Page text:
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Praying about Jesus’s miracles: Crumbs are an abundant feast

Lynne Baab • Tuesday May 7 2024

Praying about Jesus’s miracles: Crumbs are an abundant feast

One of my favorite prayers from my childhood evokes crumbs. I feel sure Thomas Cramner (1489-1556), writer of The Book of Common Prayer, was thinking about Jesus’s healing of the Syrophoenician woman’s daughter when he wrote the prayer. I’ll start by describing the prayer because I knew it long before I learned about the story in Mark 7:24-30 and Matthew 15:21-28.

In my childhood, we were in church every Sunday, even though we prayed only at dinner and bedtime, and my parents never mentioned God in conversations. Our churches were Episcopalian in the many places we lived in the U.S., and Anglican when we lived in Wiesbaden, Germany, twice for a total of five years. The consistency of the Episcopal/Anglican liturgy was a great blessing to me in a childhood with so many moves.

Right before communion comes this prayer, known as the prayer of humble access. Here are the first three sentences from the 1662 prayer book that I grew up with:

“We do not presume to come to this thy Table, O merciful Lord, trusting in our own righteousness, but in thy manifold and great mercies. We are not worthy so much as to gather up the crumbs under thy Table. But thou art the same Lord, whose property is always to have mercy.” [1]

In my childhood, my brother and I were told that “children should be seen and not heard.” I felt a bit like a crumb, quite small and powerless. No matter, because “Your nature is always to have mercy.” That’s the wording in the 1993 Presbyterian Book of Common Worship. In the Free Methodist worship liturgy, that line has been paraphrased into this: “But You, O Lord, are unchanging in Your mercy and Your nature is love.” As a child, I needed to hear those words Sunday after Sunday. I still do!

In the miracle of healing in Mark 7:24–30, Jesus and his disciples travel north into what is now south Lebanon. A local woman approaches Jesus and asks him to heal her daughter from a demon. She is called a Syrophoenician in Mark and a Caananite in Matthew.

Jesus’s answer seems quite strange at first. “He said to her, ‘Let the children be fed first, for it is not fair to take the children’s food and throw it to the dogs’” (verse 27). Some scholars argue that “dog” is a reasonably straightforward way that Jews used to refer to Gentiles, not necessarily derogatory.

I love the woman’s boldness. Since I was taught to be “seen and not heard,” boldness has been a long time coming to me. The woman accepts her outsider status in the eyes of the Jews, but somehow, she knows that Jesus’s love and power are big enough to reach beyond ethnic boundaries. “She answered him, ‘Sir, even the dogs under the table eat the children’s crumbs’” (verse 28).

Jesus obviously likes her response. “Then he said to her, ‘For saying that, you may go—the demon has left your daughter’” (verse 29). In Matthew 15:28, Jesus adds, “Woman, great is your faith!”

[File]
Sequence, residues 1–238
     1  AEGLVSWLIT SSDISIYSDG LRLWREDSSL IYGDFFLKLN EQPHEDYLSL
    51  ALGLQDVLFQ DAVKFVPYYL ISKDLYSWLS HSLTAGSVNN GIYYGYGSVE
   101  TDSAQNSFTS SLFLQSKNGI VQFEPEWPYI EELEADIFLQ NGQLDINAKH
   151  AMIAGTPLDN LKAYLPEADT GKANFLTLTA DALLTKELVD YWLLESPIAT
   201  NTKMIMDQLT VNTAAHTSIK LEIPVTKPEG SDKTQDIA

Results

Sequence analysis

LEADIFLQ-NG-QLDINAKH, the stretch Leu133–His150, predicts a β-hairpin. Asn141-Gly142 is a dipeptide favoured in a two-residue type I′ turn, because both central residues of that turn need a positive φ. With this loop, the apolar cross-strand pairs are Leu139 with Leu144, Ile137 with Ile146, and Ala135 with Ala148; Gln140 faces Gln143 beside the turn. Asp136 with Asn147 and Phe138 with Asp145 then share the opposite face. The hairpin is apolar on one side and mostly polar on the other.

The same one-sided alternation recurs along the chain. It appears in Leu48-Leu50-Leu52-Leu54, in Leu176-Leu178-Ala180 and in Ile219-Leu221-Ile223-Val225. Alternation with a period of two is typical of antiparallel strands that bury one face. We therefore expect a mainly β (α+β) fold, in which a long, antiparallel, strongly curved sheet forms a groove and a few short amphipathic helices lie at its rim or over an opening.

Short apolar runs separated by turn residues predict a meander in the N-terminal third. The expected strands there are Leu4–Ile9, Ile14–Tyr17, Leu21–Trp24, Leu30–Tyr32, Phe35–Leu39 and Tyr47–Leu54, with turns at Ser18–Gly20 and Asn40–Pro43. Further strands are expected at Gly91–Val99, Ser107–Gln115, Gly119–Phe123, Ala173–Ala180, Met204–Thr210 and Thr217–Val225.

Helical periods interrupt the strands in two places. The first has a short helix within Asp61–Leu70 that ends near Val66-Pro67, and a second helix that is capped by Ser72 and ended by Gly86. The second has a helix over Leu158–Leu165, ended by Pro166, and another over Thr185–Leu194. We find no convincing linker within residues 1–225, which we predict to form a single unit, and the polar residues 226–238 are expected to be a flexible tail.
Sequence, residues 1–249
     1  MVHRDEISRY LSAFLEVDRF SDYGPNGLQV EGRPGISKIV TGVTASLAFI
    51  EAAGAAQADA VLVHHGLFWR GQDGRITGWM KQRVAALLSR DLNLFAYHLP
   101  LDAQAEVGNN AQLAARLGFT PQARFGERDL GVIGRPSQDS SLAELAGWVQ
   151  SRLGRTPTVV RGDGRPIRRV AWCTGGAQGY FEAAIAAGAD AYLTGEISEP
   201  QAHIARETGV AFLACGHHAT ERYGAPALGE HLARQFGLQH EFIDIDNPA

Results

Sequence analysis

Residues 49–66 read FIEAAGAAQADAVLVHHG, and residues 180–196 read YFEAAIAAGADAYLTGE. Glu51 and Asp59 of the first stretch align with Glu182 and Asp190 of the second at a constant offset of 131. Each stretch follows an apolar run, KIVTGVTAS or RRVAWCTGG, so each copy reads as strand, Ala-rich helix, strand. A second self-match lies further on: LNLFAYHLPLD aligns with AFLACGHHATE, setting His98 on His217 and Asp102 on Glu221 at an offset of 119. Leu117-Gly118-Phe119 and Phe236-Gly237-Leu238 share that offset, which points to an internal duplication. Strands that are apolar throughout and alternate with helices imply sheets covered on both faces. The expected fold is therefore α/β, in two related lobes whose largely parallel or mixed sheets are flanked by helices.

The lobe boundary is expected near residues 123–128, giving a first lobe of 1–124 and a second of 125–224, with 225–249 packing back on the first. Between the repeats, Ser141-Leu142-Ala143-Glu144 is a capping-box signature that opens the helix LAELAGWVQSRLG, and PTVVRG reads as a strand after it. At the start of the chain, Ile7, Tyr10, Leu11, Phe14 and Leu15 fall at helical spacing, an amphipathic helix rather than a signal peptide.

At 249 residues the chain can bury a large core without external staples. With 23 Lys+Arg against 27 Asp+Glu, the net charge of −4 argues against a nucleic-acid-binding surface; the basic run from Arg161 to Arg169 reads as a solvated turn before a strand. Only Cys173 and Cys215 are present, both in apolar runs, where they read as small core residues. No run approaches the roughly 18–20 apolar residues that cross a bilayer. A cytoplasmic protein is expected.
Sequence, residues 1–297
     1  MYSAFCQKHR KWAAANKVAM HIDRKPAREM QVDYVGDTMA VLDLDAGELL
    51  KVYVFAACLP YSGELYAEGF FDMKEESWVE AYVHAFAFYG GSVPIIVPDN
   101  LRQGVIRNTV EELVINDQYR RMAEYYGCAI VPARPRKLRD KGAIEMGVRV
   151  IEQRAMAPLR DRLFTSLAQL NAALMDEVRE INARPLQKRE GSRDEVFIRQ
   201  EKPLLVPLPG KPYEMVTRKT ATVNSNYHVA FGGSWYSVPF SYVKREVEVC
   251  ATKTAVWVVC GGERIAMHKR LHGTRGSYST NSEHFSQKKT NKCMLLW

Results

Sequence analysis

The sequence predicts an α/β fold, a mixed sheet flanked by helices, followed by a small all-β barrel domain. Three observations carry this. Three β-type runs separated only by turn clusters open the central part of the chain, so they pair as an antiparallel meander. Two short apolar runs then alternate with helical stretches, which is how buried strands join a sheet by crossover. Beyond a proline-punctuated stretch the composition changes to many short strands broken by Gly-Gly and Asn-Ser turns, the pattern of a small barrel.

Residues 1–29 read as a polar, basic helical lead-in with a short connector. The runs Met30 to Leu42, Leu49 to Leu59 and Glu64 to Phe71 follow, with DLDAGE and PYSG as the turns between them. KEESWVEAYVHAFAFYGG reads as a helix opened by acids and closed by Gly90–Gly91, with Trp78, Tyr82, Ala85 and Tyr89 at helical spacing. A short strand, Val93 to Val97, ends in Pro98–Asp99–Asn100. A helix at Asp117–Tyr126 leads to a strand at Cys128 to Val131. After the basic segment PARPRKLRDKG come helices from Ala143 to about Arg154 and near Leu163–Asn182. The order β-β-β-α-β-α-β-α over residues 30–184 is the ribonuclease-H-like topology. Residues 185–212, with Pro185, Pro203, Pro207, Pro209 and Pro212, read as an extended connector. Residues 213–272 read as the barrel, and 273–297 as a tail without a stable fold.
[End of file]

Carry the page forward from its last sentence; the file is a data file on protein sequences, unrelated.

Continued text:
When I studied this passage with other students in my senior year of college, I experienced a big AHA related to the crumbs. God’s mercy is so immense that even a crumb of it is enough. A crumb will fill my heart. A crumb will give me life and peace and love and all I need.

The prayer of humble access indicates that we aren’t worthy to receive even a crumb. But God’s love is so great that our unworthiness doesn’t matter. In Christ, God’s goodness overcomes our brokenness and sin. Somehow, the woman in Tyre caught a glimpse of that, and she told Jesus she was willing to receive anything from him, any small amount at all, even a crumb under the table like dogs eat. I have always wondered where and how Jesus saw faith in her: her boldness in approaching him, her understanding of the immensity of God’s mercy, some combination of the two, or something else that I can’t see.

About a decade ago, I learned that some feminist scholars view this story as demeaning to women and as a reflection of traditional Jewish views about ethnicity and purity as well as gender. The “dog” language seems pretty derogatory. I see their argument, but I can’t feel it. To me, the woman understood that she could approach Jesus and talk seriously with him. She refused to buy into the “seen and not heard” priority that has plagued women as well as children in many different settings. She saw that even a crumb of God’s love is bigger than we can imagine.

Jesus, Lord of extravagant love and grace, thank you that you have made us worthy to collect life-giving crumbs under your table. You have also seated us at your table and given us yourself, the Bread of Life. Help us live into the words in Hebrews 4:15-16: “For we do not have a high priest who is unable to sympathize with our weaknesses, but we have one who in every respect has been tested as we are, yet without sin. Let us therefore approach the throne of grace with boldness, so that we may receive mercy and find grace to help in time of need.”

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Next week: Healing of the paralyzed man lowered through the roof by his friends. Illustration by Dave Baab.

[1] Book of Common Prayer Online, page 337.

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